‘If ground rents are reduced to zero on all leases then this is very much a “Robin Hood” scenario and I cannot see the freeholders taking this lying down.
Ground rent is a charge that applies for leasing the land on which the leasehold property sits
He adds: ‘I would anticipate that there could be a human rights challenge on the “appropriation” of value by the state.
‘I expect that the word peppercorn has been misquoted, and in fact they just plan to limit rents to a fraction of capital value. That would have an impact, but one that is less severe.
‘In valuation terms that then begs the question as to whether the limited rent has to be taken into account when valuing the freehold. If so, that is another significant windfall for leaseholders and a big blow for the owners of freeholds.’
Freeholders may also demand that they are compensated by the Government for the income they lose.
Clive Scrivener, a partner at Scrivener Tibbatts Chartered Surveyors and a member of the ALEP adds: ‘If the cap is immediate then significant compensation will need to be payable to the freeholder for their loss of income.
‘This puts into question whether Government could do something similar with other asset classes. Will buy-to-let landlords be next?’
Leases to be extended to 990 years
Another element of the reported Government plans is that leaseholders in flats will be able to extend their lease by a new standard of 990 years, with a ground rent of zero. Previously, the typical extension would be for 90 years.
This would give leaseholders much more security and make their ownership similar to that of someone who owns the freehold or a share of the freehold.
Long term: Leaseholders in flats will now be able to extend their lease by a new standard of 990 years with a ground rent of zero
‘This is a change that is easy to make and is sensible,’ says Hammonds. ‘It will stop the need for multiple lease extensions, therefore avoiding costs.
‘After the first 90-year lease extension, the bulk of the expense is not the premium payable for the lease extension, but for the landlord’s and leaseholder’s costs.
‘If the current legislation is modified, this will apply to flats and not houses.
‘However, previous announcements suggested that lease extensions would also be open to houses so I suppose there is some uncertainty.
‘This change would only be triggered when a leaseholder starts the statutory process of extending their lease.’
Removal of two-year wait to extend a lease
At present, those that buy a leasehold flat have to wait two years before they can legally extend the lease.
However, under the proposed laws this may no longer be the case. A new leaseholder could in theory be able to extend the lease with immediate effect.
This a change that has been called for for a very long time, according to the ALEP.
At present, those that buy a leasehold flat have to wait two years before they can legally extend the lease
Scrivener adds: ‘This is good for those purchasing short-lease flats. However, in many cases this can be worked around already by the current owner serving a Section 42 notice and transferring the benefit on sale.
‘The change would end the potential for abuse by landlords looking to challenge claims on technicalities, with a view to delaying the process and achieving a higher premium.’
End of marriage value
The reforms may also signal the end of marriage value, which impacts leaseholders living in homes with short leases.
Marriage value is the increase in value of a leasehold property as a result of a lease extension.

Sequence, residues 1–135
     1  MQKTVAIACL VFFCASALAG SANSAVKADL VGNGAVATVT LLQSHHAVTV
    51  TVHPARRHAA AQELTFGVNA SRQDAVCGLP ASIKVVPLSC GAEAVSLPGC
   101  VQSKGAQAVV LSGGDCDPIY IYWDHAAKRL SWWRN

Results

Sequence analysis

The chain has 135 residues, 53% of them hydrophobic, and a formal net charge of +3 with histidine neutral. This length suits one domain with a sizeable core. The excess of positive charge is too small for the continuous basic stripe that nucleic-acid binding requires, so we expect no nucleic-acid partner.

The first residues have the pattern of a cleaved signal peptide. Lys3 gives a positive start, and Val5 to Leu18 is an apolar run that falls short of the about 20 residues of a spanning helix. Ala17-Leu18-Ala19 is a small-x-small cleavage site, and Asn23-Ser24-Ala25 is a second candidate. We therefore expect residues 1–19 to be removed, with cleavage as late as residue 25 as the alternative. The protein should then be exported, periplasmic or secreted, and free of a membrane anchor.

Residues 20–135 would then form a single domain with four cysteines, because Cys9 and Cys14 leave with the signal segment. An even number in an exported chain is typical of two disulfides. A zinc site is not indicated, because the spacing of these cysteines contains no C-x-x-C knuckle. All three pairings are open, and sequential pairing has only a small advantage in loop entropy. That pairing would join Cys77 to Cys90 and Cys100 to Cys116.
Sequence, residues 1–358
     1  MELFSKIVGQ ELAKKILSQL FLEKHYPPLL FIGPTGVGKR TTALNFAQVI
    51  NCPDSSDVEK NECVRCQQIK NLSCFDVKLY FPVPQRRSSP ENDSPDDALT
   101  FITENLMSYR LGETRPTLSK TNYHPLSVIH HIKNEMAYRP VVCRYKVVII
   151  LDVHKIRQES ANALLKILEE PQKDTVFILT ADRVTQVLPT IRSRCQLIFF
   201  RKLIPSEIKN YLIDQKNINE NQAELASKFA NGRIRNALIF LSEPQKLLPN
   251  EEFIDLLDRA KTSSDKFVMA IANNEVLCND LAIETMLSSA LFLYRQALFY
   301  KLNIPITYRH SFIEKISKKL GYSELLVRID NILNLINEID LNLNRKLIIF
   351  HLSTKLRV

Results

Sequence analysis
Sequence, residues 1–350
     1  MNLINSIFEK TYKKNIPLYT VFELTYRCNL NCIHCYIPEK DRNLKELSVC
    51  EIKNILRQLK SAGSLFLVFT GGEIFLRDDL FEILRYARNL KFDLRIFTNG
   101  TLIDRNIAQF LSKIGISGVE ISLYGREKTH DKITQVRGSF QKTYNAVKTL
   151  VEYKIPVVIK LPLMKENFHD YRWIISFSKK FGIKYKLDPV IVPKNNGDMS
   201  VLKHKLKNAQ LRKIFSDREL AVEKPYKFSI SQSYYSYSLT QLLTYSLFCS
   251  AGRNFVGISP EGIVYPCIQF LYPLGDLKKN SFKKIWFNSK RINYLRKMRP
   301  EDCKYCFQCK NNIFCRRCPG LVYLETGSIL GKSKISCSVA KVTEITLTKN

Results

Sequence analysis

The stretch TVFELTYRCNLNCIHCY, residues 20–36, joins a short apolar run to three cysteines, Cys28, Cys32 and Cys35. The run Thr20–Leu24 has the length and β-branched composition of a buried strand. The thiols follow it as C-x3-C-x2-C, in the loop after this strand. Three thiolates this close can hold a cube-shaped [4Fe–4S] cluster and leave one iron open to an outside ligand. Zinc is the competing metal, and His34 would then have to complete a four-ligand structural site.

Put another way, it’s the financial benefit that results from merging part of the freeholder and leaseholder interests, hence the term ‘marriage’.
Under current law, where the unexpired term of the lease exceeds 80 years, no marriage value is payable.
However, when a lease drops below 80 years the marriage value must be split 50:50 with the freeholder.
In practice, this means the leaseholder pays 50 per cent of the marriage value to the freeholder, as part of the premium payable for the lease extension.
Determining the marriage value involves calculating the value of all of the interests (both landlord and tenant) with an extended lease, minus the value of the interests with the current lease.
Scrapping marriage value would apply to all existing leases, but again would only be triggered at the point of lease extension.
Although this isn’t a new announcement, there are so many questions still unanswered, according to Hammonds.
She says: ‘It is anticipated that landlords would mount a challenge, and the dispute could go on for many years.
‘It’s a huge transfer of wealth and the winners are the existing leaseholders. People buying into leaseholds in the future will not win – they will simply pay more for the flat upfront.
‘For existing leases where there are less than 80 years remaining, it will make the lease extension premium lower, so the landlords will lose out.
‘However, it’s important to remember that a “landlord” isn’t necessarily a big, mean organisation.
‘The landlord could be other block residents who have previously enfranchised and, when doing so, paid the former landlord hope of marriage value. They will lose that money.’
Who are the winners and losers from these potential changes?
Clive Scrivener, ALEP partner replies:
Leaseholders can extend their lease for longer and pay no ground rent. However, whether they will have to buy out the existing rent remains to be seen.
Many leaseholders may have a share in the freehold companies so they may lose out too.
Leaseholders of flats with less than 80 years remaining will not pay marriage value. Short lease flats could suddenly be worth more, because the cost to extend the lease will be less.
Freeholders (companies and individuals) may lose out as they will lose an income stream if ground rents are capped at a peppercorn.
HMRC will also lose out. The tax takes from ground rent income and premiums payable from lease extension will reduce significantly.
Local authorities may also be set to lose out, as they are among the largest landlords in the country. They will have a big hole to fill on their balance sheets, which the Government and the taxpayer will have to plug.
Pension funds will also suffer, as many invest in freehold property and take an income from the ground rents leaseholders pay. If existing ground rents are reduced to a peppercorn, the ultimate losers in the future could be pensioners.
Another potential loser is the prospective buyer looking to access the market. First-time buyers can currently opt to buy a ‘cheap’ short lease flat, or a flat with a ‘high’ ground rent, to get a foot on the housing ladder. If you remove these option then this will mean even more aspiring homeowners might be priced out of the market.